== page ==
I’ve been reading/browsing a book called You Are Here: Personal Geographies and Other Maps of the Imagination, edited by Katharine Harmon. I love maps, especially eccentrically personal ones, or maps crafted out of woefully inadequate datasets. In 2006 went to the NYPL Map Room exhibit, “Treasured Maps”. A remarkable exhibition overall, but my favorite was a series of twenty-one plates engraved by Sidney Hall*. The plates are from Edward Quin’s An Historical Atlas, published in 1828, and depict the expansion of the world—the unfurling of civilization. The first map shows Eden, circa 2348 BCE, surrounded by ominous black clouds. As one progresses through the pages and through time the clouds roll back, revealing the world as it was understood to exist in each moment in history, starting with Eden, continuing through the decline of the Roman Empire, and ending with “The End of the General Peace” in 1828 CE, which looks like any modern map of the world. (Most of the series can be seen here.)
I recalled the Hall engravings after seeing a few Liliana Porter prints on display at the Blanton Museum in Austin, Texas. (Porter’s work was part of a special exhibition, The New York Graphic Workshop, 1964–1970.) These particular prints abstractly depict a man in a small square room. (He is supposedly passing by a window, but I think that might be the Blanton’s interpretation — I just thought, Oh, that’s a man in a small square room.) The entire image is fragmented across four or five prints, each showing a different part of the whole. The high degree of simplification — there are no discernible human features, just flat black shapes on white paper — means it takes a second to realize what you’re looking at, and then another to go back through the series and assemble the fragments in your mind to create the whole.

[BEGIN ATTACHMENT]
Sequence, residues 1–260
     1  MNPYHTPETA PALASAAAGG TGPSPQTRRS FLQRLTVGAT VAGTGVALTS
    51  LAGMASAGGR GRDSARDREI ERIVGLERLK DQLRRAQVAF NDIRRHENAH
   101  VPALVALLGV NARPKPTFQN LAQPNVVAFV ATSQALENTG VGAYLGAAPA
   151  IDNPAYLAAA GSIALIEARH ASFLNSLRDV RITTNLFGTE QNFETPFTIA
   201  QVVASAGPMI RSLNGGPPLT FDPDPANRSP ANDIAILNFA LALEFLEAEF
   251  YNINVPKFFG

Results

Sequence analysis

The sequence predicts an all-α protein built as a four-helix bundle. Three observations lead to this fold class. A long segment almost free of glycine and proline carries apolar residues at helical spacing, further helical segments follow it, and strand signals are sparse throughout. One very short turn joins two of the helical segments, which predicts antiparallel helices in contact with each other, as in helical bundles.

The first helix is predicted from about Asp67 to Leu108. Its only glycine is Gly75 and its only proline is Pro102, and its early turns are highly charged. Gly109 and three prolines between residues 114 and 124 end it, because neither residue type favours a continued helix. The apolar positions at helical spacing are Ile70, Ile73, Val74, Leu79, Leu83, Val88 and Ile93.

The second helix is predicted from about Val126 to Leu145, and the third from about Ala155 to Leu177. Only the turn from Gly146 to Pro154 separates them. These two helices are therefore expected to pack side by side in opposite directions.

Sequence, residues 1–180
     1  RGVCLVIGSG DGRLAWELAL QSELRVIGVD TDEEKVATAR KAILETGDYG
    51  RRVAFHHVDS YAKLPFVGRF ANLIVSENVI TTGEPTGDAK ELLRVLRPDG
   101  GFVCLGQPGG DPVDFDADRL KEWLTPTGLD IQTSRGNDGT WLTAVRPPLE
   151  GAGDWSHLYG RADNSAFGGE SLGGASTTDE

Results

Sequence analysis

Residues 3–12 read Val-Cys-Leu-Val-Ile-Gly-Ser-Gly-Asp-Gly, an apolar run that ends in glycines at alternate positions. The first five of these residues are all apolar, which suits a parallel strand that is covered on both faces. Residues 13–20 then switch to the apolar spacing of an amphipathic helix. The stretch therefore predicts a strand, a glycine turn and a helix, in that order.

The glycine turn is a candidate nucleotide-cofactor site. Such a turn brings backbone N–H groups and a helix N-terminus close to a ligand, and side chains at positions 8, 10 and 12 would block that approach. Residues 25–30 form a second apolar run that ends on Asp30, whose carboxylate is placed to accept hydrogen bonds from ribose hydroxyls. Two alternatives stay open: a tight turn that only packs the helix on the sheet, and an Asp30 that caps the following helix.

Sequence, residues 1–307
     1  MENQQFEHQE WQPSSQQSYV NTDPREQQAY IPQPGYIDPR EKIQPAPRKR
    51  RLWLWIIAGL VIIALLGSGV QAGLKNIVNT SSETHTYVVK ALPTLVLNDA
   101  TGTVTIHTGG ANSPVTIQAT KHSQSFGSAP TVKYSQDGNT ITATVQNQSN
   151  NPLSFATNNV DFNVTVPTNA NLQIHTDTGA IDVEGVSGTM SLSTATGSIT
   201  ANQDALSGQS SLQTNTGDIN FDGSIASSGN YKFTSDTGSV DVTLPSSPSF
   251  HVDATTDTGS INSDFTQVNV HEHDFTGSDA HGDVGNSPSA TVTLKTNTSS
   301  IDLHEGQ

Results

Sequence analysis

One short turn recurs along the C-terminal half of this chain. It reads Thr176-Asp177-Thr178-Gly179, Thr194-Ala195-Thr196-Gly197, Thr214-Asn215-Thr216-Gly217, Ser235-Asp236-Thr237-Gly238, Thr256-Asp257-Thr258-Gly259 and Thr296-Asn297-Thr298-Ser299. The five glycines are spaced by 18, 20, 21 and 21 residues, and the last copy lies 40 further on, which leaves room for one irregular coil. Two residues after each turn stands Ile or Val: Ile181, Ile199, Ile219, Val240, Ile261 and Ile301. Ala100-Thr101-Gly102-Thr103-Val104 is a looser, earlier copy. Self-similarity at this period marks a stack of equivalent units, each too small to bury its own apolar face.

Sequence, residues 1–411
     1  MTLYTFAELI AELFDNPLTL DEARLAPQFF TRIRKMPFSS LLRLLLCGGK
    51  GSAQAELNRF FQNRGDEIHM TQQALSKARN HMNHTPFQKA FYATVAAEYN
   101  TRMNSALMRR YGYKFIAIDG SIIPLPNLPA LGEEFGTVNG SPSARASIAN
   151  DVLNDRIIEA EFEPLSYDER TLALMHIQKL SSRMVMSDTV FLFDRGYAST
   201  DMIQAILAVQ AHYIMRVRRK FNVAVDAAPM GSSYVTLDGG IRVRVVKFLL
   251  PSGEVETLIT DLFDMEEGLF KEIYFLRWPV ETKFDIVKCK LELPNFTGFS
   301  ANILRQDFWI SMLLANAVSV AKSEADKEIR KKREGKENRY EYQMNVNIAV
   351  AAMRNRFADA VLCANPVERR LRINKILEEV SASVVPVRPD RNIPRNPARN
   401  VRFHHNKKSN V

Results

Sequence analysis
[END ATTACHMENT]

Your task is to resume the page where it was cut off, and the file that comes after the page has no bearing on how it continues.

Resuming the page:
Hall’s engravings and Porter’s prints are about not-knowing, or not-knowing-enough, and how the mind struggles to produce a complete concept. Porter’s series demonstrates this knowingly; Hall simply wanted a clever way to teach history. But his gradual evaporation of clouds works to the same effect — bringing a larger whole into existence. Each engraving contains an unknown: a dark piece of puzzle that the next print will solve. Each print simultaneously contains a secret and reveals a secret. The same of Porter’s prints, which contain a fragment of a whole, but stand alone regardless.
* The maps remind me a little of the game World of Warcraft, which, yes, I’ve played. Briefly. Characters walk through a murky landscape surrounded by a limited patch of light that reveals shrubbery, enemies, structures, and the like. As you move, the clouds roll back just as in Hall’s engravings. Your range of vision expands depending on what character you’re moving through space — a knight on horseback sees further than a lowly peasant on a berry-picking expedition. So true.
** The full title of Quin’s book is intimidatingly lengthy: An Historical Atlas; In A Series Of Maps Of The World As Known At Different Periods; Constructed Upon An Uniform Scale, And Coloured According To The Political Changes Of Each Period: Accompanied By A Narrative Of The Leading Events Exhibited In The Maps: Forming Together A General View Of Universal History, From The Creation To A.D. 1828.